In proper academic procedure, Copley first used browns and grays to work out the overall distribution of the scene before considering the color scheme and details. Sunshine pours in from a roundel window over the throne canopy, spotlighting the stricken Pitt. The pencil lines drawn over this study create a proportional grid called “squaring” that enabled the artist to transfer and enlarge the design. In 1781, after two years’ work, Copley installed his ten-foot-wide picture in a pavilion and charged admission to his popular one-work show. How Copley had persuaded fifty-five noblemen to sit for their portraits became the talk of British society.

The Death of the Earl of Chatham, 1779, oil on canvas, Gift of Mrs. Gordon Dexter, 1947.15.1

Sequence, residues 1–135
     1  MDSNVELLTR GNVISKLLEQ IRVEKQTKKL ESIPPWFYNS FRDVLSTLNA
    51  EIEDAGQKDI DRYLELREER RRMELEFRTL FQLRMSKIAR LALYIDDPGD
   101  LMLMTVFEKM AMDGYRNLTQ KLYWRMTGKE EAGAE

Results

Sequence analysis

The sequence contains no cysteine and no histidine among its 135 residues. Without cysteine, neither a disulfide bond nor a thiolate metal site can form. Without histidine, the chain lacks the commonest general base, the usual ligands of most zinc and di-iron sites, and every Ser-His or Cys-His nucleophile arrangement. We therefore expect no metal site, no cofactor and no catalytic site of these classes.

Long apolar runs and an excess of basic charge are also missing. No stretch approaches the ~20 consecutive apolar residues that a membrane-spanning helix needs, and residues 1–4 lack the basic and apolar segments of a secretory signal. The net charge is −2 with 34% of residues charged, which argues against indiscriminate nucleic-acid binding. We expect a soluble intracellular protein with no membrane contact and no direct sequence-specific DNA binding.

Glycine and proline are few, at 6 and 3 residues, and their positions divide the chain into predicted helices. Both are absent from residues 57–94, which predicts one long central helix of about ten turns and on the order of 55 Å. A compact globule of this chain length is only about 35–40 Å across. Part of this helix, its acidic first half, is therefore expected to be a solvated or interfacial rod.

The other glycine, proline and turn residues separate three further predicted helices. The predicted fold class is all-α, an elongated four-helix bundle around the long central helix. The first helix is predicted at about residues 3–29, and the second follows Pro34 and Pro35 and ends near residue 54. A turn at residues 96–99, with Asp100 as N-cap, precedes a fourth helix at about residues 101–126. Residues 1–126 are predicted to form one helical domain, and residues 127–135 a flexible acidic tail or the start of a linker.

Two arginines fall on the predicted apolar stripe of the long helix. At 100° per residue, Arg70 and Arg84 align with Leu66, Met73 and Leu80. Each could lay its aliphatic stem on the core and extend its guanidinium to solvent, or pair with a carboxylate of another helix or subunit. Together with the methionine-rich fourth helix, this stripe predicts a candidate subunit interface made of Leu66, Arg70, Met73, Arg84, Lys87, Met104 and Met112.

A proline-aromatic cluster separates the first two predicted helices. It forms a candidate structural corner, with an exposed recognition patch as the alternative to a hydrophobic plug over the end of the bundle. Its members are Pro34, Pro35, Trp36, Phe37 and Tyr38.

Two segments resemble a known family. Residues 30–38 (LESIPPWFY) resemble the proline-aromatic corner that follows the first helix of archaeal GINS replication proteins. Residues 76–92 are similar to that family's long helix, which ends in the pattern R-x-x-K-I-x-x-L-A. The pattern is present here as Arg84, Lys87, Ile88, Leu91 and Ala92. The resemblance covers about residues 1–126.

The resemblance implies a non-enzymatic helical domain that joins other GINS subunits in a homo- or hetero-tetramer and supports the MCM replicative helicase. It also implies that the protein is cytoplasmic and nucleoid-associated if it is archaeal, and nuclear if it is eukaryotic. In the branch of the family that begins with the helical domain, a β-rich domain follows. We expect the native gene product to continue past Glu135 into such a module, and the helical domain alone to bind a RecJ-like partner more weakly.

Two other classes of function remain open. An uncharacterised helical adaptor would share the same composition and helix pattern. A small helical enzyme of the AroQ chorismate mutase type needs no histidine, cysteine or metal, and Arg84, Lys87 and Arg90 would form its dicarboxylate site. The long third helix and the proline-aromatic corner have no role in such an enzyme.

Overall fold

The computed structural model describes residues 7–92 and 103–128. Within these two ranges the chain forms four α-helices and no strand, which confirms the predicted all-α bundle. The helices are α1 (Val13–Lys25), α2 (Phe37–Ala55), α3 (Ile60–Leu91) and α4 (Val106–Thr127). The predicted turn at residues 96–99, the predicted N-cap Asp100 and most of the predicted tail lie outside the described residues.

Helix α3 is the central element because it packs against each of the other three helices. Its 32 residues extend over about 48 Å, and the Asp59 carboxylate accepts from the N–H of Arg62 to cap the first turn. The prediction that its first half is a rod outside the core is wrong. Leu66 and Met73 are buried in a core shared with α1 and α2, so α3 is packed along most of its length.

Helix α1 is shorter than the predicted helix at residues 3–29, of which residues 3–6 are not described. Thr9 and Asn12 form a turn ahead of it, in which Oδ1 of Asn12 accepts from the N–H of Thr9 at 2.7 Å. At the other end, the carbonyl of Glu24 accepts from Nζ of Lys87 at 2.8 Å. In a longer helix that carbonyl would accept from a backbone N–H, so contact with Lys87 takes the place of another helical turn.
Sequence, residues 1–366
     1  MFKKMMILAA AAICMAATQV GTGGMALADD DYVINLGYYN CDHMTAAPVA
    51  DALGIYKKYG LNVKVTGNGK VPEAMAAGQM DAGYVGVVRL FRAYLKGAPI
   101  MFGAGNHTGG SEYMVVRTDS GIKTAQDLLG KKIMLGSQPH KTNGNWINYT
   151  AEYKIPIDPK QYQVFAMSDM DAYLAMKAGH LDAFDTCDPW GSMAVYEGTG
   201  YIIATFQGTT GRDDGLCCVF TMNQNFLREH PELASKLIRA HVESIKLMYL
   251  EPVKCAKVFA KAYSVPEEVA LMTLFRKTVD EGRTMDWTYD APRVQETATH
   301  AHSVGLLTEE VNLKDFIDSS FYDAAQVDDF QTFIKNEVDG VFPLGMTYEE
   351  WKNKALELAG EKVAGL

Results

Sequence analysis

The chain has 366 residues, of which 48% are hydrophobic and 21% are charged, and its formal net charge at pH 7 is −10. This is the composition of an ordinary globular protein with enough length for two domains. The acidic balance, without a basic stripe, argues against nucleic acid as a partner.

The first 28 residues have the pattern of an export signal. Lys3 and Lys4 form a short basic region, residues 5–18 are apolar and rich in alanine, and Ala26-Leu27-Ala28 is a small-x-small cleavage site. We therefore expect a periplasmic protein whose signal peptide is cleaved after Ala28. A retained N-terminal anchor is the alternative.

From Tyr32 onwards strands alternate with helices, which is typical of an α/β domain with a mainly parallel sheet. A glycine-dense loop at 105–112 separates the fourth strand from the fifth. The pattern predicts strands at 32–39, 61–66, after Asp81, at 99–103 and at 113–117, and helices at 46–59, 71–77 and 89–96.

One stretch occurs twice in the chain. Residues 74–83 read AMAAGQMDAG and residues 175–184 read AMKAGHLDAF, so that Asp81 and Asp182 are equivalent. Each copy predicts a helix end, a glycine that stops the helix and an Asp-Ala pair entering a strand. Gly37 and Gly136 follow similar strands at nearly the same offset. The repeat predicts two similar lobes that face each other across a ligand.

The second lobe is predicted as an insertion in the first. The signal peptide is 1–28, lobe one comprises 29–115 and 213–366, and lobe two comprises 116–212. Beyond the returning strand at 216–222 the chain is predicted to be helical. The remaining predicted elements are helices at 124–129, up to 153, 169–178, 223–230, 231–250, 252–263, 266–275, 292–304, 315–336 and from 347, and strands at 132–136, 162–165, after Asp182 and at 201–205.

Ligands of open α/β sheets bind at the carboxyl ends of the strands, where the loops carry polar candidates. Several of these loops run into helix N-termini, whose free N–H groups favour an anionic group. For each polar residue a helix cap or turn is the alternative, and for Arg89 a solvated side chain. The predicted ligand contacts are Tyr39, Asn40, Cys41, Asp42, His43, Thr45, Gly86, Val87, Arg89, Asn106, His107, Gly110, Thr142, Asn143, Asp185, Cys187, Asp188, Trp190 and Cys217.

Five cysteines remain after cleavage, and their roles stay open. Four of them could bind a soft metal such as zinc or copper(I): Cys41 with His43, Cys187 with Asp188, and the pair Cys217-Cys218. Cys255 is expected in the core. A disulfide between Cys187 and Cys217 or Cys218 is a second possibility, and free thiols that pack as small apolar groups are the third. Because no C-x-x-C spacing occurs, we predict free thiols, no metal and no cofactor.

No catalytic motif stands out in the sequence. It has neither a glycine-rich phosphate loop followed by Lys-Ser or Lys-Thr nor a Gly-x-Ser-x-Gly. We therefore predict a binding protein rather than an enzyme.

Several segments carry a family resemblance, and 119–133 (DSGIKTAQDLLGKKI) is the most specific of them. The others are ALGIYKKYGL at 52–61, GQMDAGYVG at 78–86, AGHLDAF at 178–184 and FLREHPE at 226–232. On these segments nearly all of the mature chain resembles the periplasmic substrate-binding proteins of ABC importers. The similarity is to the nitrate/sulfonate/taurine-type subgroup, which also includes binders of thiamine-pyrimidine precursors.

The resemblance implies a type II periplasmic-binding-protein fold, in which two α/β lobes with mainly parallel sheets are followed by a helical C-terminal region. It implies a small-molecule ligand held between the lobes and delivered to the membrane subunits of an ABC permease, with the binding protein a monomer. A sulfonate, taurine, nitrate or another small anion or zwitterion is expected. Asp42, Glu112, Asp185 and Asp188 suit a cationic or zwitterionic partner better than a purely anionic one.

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A knight in armor strides toward two women wearing long gowns in a balustraded terrace in this horizontal painting. The three people all have smooth, pale skin with flushed cheeks. To our left, the man’s entire body is covered in armor except for his face under a raised visor. He has blue eyes, and his rose-red lips are slightly parted. His helmet is topped with a plume of white feathers. There is a red cross on his chest and red fabric wraps over his far shoulder and billows down his back to his shins. He holds a round shield edged in red up over his head with his far arm, and holds a lance down by his side with the hand closer to us. A sword hangs from his far hip, and he strides forward onto his other leg. He gazes to our right. In the right half of the composition, the two women stand facing each other. Both have long, curly gray hair, delicate noses, gray eyes under arched brows, and their coral-pink lips are parted. At the center of the painting, one woman, Fidelia, wears a long-sleeved, floor-length white gown tied at the waist with a butter-yellow sash. White cloth wraps around her head and through her hair, and it flutters behind her. She turns her head to look up and to our left, and her head is surrounded by a vibrant, yellow glow. In her right hand, closer to us, she holds up a gold chalice with a snake curling from the cup, its mouth open and tongue flicking out near her hair. She holds a brown book in her other hand, down in front of her hips. The second woman, Speranza, faces Fidelia but she looks up and to our left. Speranza’s topaz-blue, satin dress has a gauzy white collar and cuffs, and the skirt pools around her feet. A sky-blue ribbon wraps through Speranza’s hair. With her far hand, Speranza touches Fidelia’s wrist near the book. With her other hand, closer to us, Fidelia gathers her dress and braces the curving prongs of a silver anchor across that arm. The trio is framed by tall trees on the left and columns swathed with burgundy-red curtains on the right. A balustrade between the man in armor and woman in white is silhouetted against a salmon-pink sky along the horizon. A screen of white clouds float against the aquamarine-blue sky above.